Uganda Telecom and West Indian Ocean Cable Company (WIOCC) have partnered to offer high speed internet, shaking up a market where data services are increasingly encroaching on the voice market.
Officials from the two companies said their new internet service will be cheaper than what is offered on the market. Otaremwa Otuhumurize, the company’s management support officer, said the partnership with WIOCC will assist the company’s drive of widening connectivity and will boost the availability to deliver high-capacity internet.
“We will now be able to deliver high-capacity mobile broadband via our microwave radio and fibre optic network infrastructure,” he said during the launch of the initiative in Kampala.
The announcement comes at a time when government is trying to turn around the company, which remains under receivership.
Government advised all agencies to utilize UTL’s data network to reduce their costs and help the telecom firm back on its feet.
Otuhumurize noted that data prices in Uganda are the most expensive compared to other countries in the region, and that through the partnership, UTL will have to cut its prices.
“This partnership will close the data gap. Rwanda, Kenya and Burundi charge $50 per megabyte-per-second, yet telecom companies charge up to $300 per megabyte-per-second. At UTL, we sell at $100 per megabyte-per-second. Our target is to get to $50 per megabyte-per-second before the end of this financial year.”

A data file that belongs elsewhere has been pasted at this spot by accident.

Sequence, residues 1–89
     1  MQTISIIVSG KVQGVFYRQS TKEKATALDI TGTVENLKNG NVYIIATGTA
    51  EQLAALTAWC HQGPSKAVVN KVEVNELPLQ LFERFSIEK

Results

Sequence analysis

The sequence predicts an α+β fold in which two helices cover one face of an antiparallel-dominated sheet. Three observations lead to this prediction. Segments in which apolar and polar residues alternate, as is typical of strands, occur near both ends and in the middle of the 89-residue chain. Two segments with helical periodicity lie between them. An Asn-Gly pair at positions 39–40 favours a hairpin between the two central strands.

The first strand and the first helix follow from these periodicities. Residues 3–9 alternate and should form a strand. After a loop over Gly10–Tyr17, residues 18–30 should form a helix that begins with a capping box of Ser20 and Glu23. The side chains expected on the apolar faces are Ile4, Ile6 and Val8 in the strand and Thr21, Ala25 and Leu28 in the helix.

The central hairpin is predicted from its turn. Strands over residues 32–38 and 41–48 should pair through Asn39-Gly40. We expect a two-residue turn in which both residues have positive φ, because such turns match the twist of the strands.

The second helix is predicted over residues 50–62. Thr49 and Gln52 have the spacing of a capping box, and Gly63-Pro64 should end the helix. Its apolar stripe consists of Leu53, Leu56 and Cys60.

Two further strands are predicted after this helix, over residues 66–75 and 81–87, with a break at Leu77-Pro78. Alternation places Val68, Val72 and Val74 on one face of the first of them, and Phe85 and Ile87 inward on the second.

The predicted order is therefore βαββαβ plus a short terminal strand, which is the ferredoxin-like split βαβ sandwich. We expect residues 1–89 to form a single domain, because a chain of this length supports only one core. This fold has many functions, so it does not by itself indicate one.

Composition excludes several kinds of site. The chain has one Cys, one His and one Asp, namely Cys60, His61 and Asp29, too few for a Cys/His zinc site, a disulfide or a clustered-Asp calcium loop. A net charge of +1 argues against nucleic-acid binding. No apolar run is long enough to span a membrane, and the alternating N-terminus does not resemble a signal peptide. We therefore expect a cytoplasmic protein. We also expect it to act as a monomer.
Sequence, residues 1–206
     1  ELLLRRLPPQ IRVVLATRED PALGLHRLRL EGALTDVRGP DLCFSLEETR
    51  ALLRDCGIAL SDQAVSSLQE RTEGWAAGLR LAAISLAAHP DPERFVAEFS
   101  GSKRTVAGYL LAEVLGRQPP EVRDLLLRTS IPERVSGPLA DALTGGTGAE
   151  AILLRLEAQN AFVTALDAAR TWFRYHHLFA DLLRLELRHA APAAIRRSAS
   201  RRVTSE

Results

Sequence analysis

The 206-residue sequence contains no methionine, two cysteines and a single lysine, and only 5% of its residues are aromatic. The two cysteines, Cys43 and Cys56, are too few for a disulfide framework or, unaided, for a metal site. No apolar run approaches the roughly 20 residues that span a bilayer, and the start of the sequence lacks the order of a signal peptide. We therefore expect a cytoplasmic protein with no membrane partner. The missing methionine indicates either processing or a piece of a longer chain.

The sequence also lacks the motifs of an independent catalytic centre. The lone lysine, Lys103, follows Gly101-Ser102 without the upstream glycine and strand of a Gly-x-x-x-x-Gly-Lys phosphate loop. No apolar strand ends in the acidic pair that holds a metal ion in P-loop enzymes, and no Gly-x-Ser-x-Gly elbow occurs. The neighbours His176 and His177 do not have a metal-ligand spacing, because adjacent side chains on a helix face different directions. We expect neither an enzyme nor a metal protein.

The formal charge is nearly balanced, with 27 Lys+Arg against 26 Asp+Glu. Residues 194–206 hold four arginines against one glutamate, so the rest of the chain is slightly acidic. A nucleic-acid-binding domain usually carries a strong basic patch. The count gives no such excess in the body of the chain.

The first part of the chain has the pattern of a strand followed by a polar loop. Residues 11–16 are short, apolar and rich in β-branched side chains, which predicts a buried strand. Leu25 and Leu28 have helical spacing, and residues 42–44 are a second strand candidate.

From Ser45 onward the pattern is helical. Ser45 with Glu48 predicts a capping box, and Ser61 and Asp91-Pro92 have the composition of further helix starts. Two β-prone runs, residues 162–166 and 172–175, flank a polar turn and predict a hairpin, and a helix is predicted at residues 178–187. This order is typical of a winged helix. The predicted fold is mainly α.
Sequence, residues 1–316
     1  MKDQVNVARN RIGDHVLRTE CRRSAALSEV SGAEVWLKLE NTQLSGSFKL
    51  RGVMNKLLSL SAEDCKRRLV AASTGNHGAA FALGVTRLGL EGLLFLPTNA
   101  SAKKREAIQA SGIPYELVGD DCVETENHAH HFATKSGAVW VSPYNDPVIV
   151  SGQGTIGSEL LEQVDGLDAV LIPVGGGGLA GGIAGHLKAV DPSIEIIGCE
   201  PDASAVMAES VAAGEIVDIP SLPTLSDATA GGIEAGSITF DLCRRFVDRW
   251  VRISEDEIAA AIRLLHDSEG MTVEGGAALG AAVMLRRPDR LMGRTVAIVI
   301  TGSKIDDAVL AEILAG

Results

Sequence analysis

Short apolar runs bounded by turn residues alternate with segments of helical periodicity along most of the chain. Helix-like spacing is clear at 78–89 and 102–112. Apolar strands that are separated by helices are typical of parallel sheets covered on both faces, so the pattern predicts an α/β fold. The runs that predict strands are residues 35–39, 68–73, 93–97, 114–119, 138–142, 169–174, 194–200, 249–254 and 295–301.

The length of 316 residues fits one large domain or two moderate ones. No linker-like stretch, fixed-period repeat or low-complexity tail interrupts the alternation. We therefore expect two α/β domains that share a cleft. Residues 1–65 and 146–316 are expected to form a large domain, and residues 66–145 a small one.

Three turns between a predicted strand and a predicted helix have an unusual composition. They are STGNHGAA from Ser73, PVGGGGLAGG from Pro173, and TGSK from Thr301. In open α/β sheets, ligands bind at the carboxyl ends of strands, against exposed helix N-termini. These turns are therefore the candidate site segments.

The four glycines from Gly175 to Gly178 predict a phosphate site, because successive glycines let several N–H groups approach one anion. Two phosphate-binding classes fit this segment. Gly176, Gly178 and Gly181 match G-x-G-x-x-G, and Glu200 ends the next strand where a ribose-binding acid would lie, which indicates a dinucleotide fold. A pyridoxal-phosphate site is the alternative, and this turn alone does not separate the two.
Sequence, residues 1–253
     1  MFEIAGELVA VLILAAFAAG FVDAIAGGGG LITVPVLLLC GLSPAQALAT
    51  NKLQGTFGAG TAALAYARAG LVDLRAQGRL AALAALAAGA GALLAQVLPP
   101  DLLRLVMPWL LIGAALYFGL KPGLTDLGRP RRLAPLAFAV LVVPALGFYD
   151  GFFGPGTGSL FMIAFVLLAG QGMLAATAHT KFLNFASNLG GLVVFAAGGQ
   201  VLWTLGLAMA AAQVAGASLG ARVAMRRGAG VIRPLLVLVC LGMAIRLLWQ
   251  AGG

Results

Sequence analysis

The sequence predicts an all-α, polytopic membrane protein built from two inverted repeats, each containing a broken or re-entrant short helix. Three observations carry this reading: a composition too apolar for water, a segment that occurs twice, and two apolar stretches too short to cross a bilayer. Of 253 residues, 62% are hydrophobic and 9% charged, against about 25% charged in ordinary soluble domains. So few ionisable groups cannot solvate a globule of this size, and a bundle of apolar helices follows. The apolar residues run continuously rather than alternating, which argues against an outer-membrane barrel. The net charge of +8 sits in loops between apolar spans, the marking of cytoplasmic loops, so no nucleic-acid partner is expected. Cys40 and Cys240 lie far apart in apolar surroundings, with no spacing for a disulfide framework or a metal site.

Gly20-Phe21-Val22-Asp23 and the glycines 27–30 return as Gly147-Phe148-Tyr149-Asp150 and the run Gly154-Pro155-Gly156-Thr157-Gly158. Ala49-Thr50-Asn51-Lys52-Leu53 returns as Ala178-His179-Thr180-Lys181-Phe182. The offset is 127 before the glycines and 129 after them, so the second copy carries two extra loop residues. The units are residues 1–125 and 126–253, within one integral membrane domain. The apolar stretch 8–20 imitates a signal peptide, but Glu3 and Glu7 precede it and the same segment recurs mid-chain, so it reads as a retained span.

WIOCC is jointly owned by 14 major African telecommunication companies, including UTL. UTL owns 9.13 percent of WIOCC.
Mustapher Ntale, manager, Liquidation at Uganda Registration Services Bureau, which is in charge of managing UTL, said UTL’s investment in the company (WIOCC) is enabling it to purchase 7.5 gigabits – megabyte-per-second (GBPS) of internet connectivity on competitive commercial terms.
“We believe when we purchase internet at good prices, this will allow us to pass on the coefficiencies to our consumers in Uganda. This will also give UTL the ability to implement significant improvements in price, quality and quantity of internet in Uganda,” Ntale said.
James Wekesa, WIOCC’s chief commercial officer, said the company provides a range of core wholesale services to carriers, internet service providers, over-the-top-players (OTT) and content providers throughout Africa.
“WOICC supports UTL on its transmission backhaul between Mombasa and Kampala. Also, the company provides UTL with quick restoration options through an alternative route in case of interruptions in traffic on its fully redundant operations,” he said.
WOICC’s network includes 55,000km of terrestrial infrastructure and also investments in over 60,000km of submarine cable assets.